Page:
Leaner operations
Walkable amenities - or even on-site amenities for an office building (cafe, gym, cleaners, day-care, etc...). The 'street' can be a freeway that you cannot really walk across
Different Zoning
Environmental - Cleaners and Gas Stations can play a role into this
Parking can certainly come into play

Many more too...but I think the major ones have been listed

    • 5
Mar 30, 2016

Thanks guys-all very helpful. I'm still a bit confused about how to find an EXACT discount rate for, let's say, a hotel deal. Is it literally just whatever the cap is (ex. 7 cap for a hotel) plus what we think the average YoY growth in CF will be (ex. 3%)? So we would end up using 10% discount rate in our DCF?

Mar 31, 2016

For number 2: It's probably related to zoning, school district, county, taxation, etc... maybe environmental issues? though I think that's an annoying question because most people would think you knew enough after you mentioned lease roll / tenant quality, which is the key point.

Mar 31, 2016

Also, for #2. Might sound silly, but one side of the street could get better sunlight. This can be huge. Also, even more obvious than the first point, the views the building has. You could have 2 exact buildings, exact tax structure, exact everything. But if one building's views are obstructed, you better believe the one with unobstructed views will command higher rents & be more valuable.

    • 2
Mar 31, 2016

On a high level, I find it helpful to think of discount rate (in any asset class) as compensation for the risk you are taking. As mentioned, you may look at comparable deals to get a sense of what a similar asset is yielding (or has been sold / traded for, and thus what someone else views as an appropriate yield / return for that asset) and establish a starting point for how to think about your deal. This is true across all asset classes.

When you get into the practical side of it, it becomes asset class specific, because different assets have different risks and different ways to look at that risk. So as mentioned, you can break down discount rate for a real estate asset into income + growth (or WACC for a company, or risk free rate + credit spread for a bond, or risk free rate plus beta * market risk premium for a stock), but idea is the same and they all attempt to capture the same thing: the value of the risk.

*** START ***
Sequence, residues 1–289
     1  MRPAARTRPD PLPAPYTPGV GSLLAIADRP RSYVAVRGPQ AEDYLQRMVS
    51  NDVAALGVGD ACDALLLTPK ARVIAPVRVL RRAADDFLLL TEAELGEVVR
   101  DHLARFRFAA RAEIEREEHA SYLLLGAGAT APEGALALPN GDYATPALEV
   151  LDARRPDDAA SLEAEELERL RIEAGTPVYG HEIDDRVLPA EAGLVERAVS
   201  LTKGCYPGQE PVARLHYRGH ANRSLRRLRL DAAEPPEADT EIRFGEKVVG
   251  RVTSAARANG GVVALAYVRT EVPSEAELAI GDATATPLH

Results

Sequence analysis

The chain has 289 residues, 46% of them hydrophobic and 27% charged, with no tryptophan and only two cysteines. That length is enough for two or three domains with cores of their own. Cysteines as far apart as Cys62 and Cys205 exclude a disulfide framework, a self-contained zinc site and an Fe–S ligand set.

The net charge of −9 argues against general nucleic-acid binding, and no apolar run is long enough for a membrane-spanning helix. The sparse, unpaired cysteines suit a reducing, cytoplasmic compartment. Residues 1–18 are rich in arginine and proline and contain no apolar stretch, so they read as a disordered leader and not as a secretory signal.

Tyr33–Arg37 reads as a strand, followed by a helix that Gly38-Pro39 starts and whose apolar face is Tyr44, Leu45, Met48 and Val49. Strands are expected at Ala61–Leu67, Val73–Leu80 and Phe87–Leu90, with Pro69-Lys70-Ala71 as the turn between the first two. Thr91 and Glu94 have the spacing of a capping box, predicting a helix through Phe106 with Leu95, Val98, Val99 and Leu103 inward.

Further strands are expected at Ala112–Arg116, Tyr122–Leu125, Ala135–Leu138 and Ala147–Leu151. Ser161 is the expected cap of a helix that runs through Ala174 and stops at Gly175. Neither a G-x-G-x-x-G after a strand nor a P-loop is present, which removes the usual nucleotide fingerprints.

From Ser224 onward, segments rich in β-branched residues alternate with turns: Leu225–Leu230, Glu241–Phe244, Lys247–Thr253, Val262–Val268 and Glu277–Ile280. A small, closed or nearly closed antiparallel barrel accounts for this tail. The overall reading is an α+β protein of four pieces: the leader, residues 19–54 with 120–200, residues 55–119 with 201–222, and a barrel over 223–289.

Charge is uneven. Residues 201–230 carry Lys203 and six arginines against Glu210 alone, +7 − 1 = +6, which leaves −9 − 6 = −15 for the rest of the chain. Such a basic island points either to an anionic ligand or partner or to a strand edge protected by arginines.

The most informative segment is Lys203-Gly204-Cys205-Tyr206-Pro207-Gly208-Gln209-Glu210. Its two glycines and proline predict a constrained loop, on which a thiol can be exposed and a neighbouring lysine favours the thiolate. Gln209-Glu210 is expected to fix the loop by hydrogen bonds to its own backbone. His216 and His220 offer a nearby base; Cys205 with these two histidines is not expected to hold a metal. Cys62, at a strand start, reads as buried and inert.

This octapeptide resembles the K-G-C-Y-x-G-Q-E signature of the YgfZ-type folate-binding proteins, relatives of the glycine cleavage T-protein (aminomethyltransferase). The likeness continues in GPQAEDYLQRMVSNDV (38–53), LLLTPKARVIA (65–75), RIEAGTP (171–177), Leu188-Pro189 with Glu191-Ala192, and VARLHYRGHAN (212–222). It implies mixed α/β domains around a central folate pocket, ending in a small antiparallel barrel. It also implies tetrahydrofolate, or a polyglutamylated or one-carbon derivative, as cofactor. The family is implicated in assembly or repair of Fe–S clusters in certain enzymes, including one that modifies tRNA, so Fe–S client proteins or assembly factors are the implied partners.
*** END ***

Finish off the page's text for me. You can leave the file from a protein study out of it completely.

Something that is riskier will have a higher discount rate (or higher required yield) resulting in a lower price to reach that yield, and something less risky (like treasury bonds) will have a lower discount rate rate (or lower required yield, higher price). Coming up with your discount rate is ultimately how you come up with the price you are willing to pay for the asset.

In your hotel example, if you've come up with reasonable assumptions on rent (income) and sale (growth / appreciation), then those two components will give you a sense of what your required discount rate should be.

Hope that helps.

Also, I find for these interview types, it is more about showing you understand the big picture than the specific answers, so for #1 emphasize risk / yield and #2 highlight that you understand you can think critically through various reasons why two assets might be different besides what's on the surface or despite being told the easier variables are the same (similar tenants, similar size, similar location etc)

Mar 30, 2016

Thank you for your help everyone, I actually ended up being asked the question about how to find a discount rate...... Also, I got offers from both firms.

Apr 21, 2016

What was your answer for the discount rate question?

May 8, 2017